Response was mixed: I loved both issues but many readers didn’t, rejecting the very idea of supernatural characters and menaces in the Silver Age of scientifically minded heroes. Schwartz, who was expecting to start a solo series, was surprised at the unfavourable commercial response. Fox’s approach wasn’t entirely successful, adopting a dry, mytho-religious tone that tried to reduce The Spectre’s supernatural abilities to semi-scientific energies.
Still, Schwartz didn’t give up. A third Showcase appearance in issue 64, half a year later, winding back on all-powerful entities to a ‘mere’ ghost was added to The Spectre’s appearance in the 1966 Justice League/Justice Society team-up. This was undertaken without any supernatural elements whatsoever, The Spectre being treated as ‘merely’ a character with immense power and a pycho-matter body.
The story called for Earths-1 and -2 being pulled into hyperspace on a collision course, and The Spectre physically holding the two planets apart until, in order to save everything, he agrees to the Earth-1 Atom shrinking him to one inch and then expanding him again, a process that causes any subject so treated (except Ray Palmer) to blow up.
It all sounds a bit callous (not to mention risky for the two planets) but worry not. Being all-powerful, The Spectre merely willed the atoms of his body to regroup themselves from all over the Universe.
These two stories lifted The Spectre over the hurdle and he gained his own comic in 1967, starting with one last, and unsatisfactory, Fox/Anderson story, then falling to lesser hands, amongst whom Neal Adams had to be classed. Weird and wonderful were The Spectre’s adventures, but most of all they were not very good. It was a different failure of imagination: in making The Spectre seriously all-powerful and Good with a capital G, it begged the question of who or what could pose him a threat.
In an attempt to combat the sales drop-off, DC tried to side-slip towards the still-successful Mystery market. Steve Skeates was brought in to do this, in keeping with the prevalent trend towards Relevance. As a punishment for casually killing crooks when he had much too much power to need to do so, The Spectre was sentenced to read from the Book of Judgement, short, pallid, sub-EC stories. Once again a supporting character in his own series, The Spectre only lasted one more issue before suffering his second cancellation.
Thus far, for all its changes of emphasis and direction, The Spectre’s story has been reasonably straightforward. But that was before Denny O’Neill. This is where it starts to get tricky.
In the late Sixties, O’Neill was DC’s hottest writer and Julius Schwartz’s go-to guy for updating series that had run out of steam. On the evidence of Justice League of America 82 – 83, it’s hard to see why. This was the out-and-out worst JLA/JSA team-up ever written, a nonsense farrago whose climax set Earths-1 and -2 onto a collision course again, requiring The Spectre to once more interpose his body between them, except that this time the resultant gravities tear him apart and he dies.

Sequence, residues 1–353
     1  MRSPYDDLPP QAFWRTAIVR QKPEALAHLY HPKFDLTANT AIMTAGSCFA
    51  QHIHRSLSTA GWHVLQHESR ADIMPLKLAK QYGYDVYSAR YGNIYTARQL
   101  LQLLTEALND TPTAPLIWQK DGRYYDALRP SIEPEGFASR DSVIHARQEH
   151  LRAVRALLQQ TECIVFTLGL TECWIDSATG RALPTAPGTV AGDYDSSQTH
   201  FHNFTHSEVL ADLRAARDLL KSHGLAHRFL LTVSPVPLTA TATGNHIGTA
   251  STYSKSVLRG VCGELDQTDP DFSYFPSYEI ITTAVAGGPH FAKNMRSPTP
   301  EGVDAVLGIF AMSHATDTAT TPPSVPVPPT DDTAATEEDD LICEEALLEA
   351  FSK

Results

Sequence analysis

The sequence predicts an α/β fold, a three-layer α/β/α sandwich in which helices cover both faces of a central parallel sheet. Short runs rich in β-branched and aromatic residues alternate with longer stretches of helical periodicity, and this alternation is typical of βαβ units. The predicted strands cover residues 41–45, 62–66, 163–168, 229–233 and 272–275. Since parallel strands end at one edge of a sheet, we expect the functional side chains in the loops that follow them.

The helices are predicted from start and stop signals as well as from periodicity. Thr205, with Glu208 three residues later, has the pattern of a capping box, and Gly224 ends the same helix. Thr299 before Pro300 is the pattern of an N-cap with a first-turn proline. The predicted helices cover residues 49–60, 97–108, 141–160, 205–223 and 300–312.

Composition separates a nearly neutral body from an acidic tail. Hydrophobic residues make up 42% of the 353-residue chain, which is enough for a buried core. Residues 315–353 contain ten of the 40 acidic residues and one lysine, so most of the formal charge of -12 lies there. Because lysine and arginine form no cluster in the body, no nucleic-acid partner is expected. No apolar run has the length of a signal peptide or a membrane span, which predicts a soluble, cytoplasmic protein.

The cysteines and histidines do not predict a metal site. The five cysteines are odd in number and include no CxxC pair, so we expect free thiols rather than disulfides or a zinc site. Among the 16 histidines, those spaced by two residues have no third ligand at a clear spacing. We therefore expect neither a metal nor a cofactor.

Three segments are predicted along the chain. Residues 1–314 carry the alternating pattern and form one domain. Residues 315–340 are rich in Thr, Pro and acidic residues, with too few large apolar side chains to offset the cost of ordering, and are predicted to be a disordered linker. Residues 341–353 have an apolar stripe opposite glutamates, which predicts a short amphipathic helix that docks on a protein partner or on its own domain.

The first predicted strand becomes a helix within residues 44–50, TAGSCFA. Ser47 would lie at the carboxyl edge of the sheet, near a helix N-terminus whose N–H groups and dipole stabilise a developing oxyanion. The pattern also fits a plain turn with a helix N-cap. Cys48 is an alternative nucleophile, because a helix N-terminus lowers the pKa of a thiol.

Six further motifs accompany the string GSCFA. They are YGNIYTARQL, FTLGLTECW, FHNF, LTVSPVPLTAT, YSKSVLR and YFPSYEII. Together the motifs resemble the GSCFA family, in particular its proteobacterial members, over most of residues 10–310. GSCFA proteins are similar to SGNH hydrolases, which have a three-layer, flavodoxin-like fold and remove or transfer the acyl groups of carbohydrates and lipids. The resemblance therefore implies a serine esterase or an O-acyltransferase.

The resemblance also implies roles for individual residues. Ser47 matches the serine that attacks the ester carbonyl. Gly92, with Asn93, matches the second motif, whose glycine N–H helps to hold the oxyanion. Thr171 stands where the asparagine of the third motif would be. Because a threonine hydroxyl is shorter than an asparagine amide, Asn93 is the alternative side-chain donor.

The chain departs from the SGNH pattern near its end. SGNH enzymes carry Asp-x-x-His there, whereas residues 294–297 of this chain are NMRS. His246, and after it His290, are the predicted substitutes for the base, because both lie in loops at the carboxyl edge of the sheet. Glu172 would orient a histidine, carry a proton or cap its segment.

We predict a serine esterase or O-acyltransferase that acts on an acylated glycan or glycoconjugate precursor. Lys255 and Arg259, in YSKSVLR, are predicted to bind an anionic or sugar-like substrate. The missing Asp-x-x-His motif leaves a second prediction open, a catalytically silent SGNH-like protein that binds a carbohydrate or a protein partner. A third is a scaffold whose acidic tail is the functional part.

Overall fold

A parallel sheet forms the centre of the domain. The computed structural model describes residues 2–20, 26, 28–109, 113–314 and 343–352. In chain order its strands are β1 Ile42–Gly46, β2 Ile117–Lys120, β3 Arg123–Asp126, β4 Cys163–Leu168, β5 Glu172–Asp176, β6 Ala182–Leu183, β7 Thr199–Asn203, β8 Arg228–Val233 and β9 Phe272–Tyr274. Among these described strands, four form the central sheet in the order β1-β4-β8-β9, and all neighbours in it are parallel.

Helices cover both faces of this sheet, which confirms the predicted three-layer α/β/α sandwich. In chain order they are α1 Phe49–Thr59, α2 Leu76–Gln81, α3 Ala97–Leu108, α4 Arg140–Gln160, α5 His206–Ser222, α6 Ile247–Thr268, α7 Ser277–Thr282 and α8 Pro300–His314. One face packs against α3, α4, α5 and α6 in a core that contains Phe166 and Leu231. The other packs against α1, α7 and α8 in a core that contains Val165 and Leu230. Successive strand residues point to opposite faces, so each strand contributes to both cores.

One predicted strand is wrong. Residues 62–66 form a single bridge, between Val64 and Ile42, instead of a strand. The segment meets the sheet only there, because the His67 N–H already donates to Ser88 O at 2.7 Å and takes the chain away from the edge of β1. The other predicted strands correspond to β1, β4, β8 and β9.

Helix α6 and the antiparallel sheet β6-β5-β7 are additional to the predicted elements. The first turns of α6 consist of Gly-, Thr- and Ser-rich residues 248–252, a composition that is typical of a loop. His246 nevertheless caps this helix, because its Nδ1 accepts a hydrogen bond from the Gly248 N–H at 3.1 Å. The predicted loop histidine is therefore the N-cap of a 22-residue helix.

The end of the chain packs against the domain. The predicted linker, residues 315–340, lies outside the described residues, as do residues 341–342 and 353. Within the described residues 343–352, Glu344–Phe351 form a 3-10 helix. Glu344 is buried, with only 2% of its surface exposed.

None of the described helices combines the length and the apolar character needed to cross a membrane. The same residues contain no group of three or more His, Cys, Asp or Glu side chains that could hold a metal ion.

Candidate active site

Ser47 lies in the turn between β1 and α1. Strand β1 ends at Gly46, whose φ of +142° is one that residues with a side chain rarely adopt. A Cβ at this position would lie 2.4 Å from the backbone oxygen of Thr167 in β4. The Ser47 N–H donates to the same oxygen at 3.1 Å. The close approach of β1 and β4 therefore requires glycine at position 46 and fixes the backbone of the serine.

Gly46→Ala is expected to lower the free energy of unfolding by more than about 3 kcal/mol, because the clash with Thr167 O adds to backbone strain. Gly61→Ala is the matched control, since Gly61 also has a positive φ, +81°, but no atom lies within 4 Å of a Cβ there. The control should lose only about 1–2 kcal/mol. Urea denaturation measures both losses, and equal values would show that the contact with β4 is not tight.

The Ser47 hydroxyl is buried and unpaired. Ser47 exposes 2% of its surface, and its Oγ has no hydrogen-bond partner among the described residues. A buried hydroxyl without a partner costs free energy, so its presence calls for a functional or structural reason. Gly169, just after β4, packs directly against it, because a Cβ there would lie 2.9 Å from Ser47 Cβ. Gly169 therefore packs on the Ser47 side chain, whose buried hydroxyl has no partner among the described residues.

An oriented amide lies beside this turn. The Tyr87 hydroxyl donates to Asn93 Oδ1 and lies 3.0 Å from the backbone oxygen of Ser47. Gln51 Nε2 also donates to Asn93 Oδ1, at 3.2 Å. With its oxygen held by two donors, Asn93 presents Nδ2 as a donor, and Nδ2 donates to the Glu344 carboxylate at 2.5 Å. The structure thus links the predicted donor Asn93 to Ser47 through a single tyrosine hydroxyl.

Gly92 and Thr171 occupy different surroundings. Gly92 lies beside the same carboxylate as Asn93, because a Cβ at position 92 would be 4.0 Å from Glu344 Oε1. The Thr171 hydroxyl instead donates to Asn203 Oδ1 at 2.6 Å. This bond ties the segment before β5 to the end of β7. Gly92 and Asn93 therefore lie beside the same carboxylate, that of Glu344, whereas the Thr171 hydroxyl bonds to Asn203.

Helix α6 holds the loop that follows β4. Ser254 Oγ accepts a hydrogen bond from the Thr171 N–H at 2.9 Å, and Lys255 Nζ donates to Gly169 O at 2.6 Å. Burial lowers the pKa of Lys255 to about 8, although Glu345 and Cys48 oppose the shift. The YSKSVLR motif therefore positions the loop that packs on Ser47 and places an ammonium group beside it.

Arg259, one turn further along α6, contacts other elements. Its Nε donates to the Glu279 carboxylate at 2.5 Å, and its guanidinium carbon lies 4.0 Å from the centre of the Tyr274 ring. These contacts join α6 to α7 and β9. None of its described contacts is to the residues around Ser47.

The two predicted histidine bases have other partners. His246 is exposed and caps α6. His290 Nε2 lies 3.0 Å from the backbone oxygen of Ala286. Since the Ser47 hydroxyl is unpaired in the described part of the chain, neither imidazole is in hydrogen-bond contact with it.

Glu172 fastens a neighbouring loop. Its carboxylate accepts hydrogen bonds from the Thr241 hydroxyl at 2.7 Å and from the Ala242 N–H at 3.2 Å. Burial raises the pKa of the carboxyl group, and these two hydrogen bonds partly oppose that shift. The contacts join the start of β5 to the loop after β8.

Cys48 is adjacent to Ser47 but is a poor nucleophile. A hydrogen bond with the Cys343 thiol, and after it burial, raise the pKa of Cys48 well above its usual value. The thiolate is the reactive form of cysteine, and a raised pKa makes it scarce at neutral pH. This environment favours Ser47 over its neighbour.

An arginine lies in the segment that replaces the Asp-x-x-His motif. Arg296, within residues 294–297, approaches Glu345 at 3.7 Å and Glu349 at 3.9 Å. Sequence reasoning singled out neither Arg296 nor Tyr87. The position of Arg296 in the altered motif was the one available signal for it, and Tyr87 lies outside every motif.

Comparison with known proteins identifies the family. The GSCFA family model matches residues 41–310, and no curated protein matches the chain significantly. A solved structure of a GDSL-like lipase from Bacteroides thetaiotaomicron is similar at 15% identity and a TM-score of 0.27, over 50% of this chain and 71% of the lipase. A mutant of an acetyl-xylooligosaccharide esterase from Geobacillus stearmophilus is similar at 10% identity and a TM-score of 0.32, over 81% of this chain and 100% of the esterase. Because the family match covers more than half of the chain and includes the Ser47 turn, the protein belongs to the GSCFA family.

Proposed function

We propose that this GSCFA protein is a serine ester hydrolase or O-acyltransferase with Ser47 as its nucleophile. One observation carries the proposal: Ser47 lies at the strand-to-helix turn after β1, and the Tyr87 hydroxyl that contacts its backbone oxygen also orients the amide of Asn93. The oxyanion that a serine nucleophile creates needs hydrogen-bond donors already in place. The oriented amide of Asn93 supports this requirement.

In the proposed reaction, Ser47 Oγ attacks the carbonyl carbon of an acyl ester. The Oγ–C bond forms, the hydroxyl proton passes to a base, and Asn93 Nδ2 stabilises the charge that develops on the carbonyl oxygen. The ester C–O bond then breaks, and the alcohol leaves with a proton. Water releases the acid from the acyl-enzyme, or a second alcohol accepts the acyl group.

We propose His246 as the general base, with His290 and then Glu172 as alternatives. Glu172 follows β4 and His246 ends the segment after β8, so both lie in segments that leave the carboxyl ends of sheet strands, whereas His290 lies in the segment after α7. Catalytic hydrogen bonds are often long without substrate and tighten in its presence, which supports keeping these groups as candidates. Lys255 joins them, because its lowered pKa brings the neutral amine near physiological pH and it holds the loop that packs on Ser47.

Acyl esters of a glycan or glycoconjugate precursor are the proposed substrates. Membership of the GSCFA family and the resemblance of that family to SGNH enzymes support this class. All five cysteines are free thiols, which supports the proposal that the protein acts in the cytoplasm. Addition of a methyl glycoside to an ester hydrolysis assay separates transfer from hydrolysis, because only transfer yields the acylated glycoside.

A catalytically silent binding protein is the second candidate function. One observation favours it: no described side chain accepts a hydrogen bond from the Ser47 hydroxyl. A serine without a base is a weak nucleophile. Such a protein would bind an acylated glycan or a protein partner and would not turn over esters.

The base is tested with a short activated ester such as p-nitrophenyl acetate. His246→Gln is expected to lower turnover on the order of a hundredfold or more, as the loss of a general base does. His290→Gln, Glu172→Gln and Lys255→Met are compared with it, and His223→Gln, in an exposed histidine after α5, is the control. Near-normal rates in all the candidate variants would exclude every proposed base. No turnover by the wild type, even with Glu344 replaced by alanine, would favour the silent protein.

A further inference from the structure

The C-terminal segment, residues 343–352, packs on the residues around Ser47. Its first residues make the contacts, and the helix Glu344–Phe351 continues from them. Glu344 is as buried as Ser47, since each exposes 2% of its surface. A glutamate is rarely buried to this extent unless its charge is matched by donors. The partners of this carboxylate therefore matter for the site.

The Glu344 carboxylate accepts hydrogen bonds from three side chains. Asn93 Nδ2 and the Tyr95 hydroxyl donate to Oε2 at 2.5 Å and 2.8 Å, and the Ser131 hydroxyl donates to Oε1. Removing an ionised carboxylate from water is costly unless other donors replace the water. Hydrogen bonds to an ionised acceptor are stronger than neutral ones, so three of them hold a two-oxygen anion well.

Come again? He’d already done that once and survived. Furthermore, O’Neill gave the impression of never having read a Spectre story before when, in order for him to enter the fray, Dr Fate has to summon him from imprisonment in a crypt (what crypt?), although the effectiveness of this crypt has to be questioned when set against Dick Dillin having drawn Spec as attending the Justice Society meeting in the first part. That one we’ll have to put down to pure sloppiness (did Julius Schwartz really edit this?)

The Spectre – Silver Age

So The Spectre was once again dead, for four years that is. Former EC artist Joe Orlando had joined DC as an editor, but was struggling with Adventure Comics, ever since it’s long-term feature, Supergirl, had been pinched for her own title. Six issues of floundering, including the debut of the mysterious Black Orchid, then a mistress of disguise with neither identity nor origin, led to a revival of The Spectre.
This was the infamous run written by Michael Fleisher, then a fixture at DC’s offices, researching his six-part ‘History of Superheroes’ (of which only two parts ever appeared). Orlando, who had recently been mugged in the street in front of his wife, was bubbling under with rage and susceptible to Fleisher’s proposal to go back to the character’s origin as an avenging ghost. With spectacular art from the then-little known Jim Aparo, a new series was launched in issue 431.
This version of The Spectre was controversial from the start for its gruesomeness. It went back to the idea of Jim Corrigan being a ghost that transformed into The Spectre and The Spectre not as an embodiment of Good fighting spiritual adversaries but as the pursuer, and executioner, of evil men, who would be despatched in various colourful, bloodless but graphic means: a hairdresser cut in two by scissors grown to massive size, a fake fortune teller turned into crystal, tipped over and shattered, and a man turned to wood and sliced up in a band-saw, etc.